And we all contribute to government, whether we engage through voting or other civic involvement, or whether we simply go to work and pay our taxes. In fact, in 2015, 80 percent of federal revenues will come from individual income and payroll taxes.

It is in all of our best interests – and it is our responsibility — to see that our tax dollars are raised and spent in ways that reflect our priorities. To do that we need to know where that money is going, and how budget decisions are made. Federal Budget 101 gives you that crucial information.

Throughout Federal Budget 101, you’ll see that some words are in bold text. Those are words you can find in the  Federal Budget Glossary.

What sort of country do you want to live in?

Do you want access to education? Health care? Clean energy? Job opportunities? How much are those things worth?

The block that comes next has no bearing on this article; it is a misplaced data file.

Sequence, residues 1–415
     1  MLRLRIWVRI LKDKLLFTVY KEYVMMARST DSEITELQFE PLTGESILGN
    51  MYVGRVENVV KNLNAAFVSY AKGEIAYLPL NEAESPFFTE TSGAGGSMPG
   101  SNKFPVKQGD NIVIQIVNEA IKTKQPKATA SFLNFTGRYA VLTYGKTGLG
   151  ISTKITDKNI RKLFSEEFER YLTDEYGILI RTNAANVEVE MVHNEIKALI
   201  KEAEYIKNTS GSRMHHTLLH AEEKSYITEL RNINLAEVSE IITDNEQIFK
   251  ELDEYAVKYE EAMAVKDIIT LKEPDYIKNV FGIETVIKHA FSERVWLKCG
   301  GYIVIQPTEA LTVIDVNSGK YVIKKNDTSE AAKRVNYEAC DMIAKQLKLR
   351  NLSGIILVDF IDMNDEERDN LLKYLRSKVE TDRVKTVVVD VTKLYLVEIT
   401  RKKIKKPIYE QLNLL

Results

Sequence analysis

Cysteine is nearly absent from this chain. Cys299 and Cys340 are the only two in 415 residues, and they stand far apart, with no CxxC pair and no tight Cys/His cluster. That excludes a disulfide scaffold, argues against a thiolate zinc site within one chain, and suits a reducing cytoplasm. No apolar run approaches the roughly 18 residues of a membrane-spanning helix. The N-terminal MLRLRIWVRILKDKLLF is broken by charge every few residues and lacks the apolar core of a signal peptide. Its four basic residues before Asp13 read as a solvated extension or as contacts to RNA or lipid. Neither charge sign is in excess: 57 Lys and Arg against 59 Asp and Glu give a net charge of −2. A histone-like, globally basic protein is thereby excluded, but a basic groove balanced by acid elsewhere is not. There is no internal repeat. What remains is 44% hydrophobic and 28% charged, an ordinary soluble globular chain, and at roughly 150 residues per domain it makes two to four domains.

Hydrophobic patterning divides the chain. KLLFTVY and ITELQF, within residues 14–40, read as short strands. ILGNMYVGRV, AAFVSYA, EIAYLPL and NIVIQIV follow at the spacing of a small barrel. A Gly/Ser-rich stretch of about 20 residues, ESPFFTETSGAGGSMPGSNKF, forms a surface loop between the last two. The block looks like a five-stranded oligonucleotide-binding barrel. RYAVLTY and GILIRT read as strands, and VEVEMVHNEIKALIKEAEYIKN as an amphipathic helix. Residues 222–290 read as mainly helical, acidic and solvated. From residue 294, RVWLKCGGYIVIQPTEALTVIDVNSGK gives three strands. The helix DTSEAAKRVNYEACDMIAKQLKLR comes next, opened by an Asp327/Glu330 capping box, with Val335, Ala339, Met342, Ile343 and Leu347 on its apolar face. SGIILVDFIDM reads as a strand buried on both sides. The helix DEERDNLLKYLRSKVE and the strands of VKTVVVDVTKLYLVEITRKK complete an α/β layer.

Does it make sense that the richest country in the world still has rampant poverty?

How did we end up with policies that nurtured white supremacy, mass incarceration and police violence, and what can we do to stop them?

Should we deport community members who don’t have immigration papers, or welcome them?

When is war justified?

Every one of today’s hot button issues can be found in the federal budget. How much we spend on education versus war, or health care versus incarceration, shows our values as a nation. Those values may be very different from yours.

There have always been people who disagreed with our national budget priorities. History is full of examples of ordinary people working together to end wars, expand health care, win civil rights, and so much more. That story continues today, and you are a part of it.